Picture of smart phone in human hand

World leading smartphone and mobile technology research at Strathclyde...

The Strathprints institutional repository is a digital archive of University of Strathclyde's Open Access research outputs. Strathprints provides access to thousands of Open Access research papers by University of Strathclyde researchers, including by Strathclyde researchers from the Department of Computer & Information Sciences involved in researching exciting new applications for mobile and smartphone technology. But the transformative application of mobile technologies is also the focus of research within disciplines as diverse as Electronic & Electrical Engineering, Marketing, Human Resource Management and Biomedical Enginering, among others.

Explore Strathclyde's Open Access research on smartphone technology now...

A numerical investigation of heat transfer cardiac output measurements

Fotheringham, P. and Gourlay, A.R. and McKee, S. and Andrews, S. (2005) A numerical investigation of heat transfer cardiac output measurements. Journal of Theoretical Medicine, 6 (3). pp. 161-172. ISSN 1027-3662

Full text not available in this repository. (Request a copy from the Strathclyde author)

Abstract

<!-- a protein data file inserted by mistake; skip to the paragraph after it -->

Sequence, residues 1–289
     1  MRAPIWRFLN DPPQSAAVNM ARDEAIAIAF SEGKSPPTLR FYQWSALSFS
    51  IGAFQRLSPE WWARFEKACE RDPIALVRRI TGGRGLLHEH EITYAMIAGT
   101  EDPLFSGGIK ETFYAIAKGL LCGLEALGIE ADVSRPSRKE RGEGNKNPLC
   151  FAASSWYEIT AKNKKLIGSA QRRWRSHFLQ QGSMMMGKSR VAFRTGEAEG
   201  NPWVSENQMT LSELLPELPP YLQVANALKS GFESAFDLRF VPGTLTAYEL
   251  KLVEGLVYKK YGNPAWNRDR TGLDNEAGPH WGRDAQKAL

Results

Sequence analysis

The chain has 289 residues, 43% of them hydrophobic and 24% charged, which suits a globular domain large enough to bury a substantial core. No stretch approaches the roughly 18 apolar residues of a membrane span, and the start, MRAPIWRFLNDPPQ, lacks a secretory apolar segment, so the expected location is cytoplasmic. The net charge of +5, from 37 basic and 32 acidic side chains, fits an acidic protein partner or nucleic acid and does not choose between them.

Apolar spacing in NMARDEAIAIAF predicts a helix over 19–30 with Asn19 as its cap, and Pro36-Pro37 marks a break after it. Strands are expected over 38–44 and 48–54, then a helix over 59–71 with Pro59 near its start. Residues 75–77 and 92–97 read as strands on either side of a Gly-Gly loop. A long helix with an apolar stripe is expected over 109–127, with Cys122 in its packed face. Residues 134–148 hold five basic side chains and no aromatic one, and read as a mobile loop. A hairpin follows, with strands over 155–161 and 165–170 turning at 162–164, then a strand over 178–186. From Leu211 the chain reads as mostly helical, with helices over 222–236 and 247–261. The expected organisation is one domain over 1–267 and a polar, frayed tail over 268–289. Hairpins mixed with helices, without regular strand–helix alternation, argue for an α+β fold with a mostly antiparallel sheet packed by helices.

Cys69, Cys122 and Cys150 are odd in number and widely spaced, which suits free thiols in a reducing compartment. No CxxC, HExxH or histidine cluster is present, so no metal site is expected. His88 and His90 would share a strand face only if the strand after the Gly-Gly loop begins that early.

Measurement of cardiac output is often investigated using a technique based on hot-film anemometry. Here, we discuss a modification to hot-film anemometry, which involves a cylindrical heating element mounted flush on the surface of a typical Swan-Ganz catheter. In contrast to traditional thermodilution, the method discussed here has the potential to allow continuous monitoring of cardiac output. This paper demonstrates that there is a simple approximate relationship between the power input to the device to maintain a temperature of one degree above blood heat and cardiac output. Since, the heat transfer and the fluid flow decouple, a numerical model of the heat transfer of a cylindrical catheter (with heating element) sitting concentrically within a rigid cylindrical artery is developed. Numerical results were obtained for a wide selection of flow profiles, including experimental data. The results indicate that the cardiac output/power input relationship is extremely robust with respect to flow profile and system parameter variation.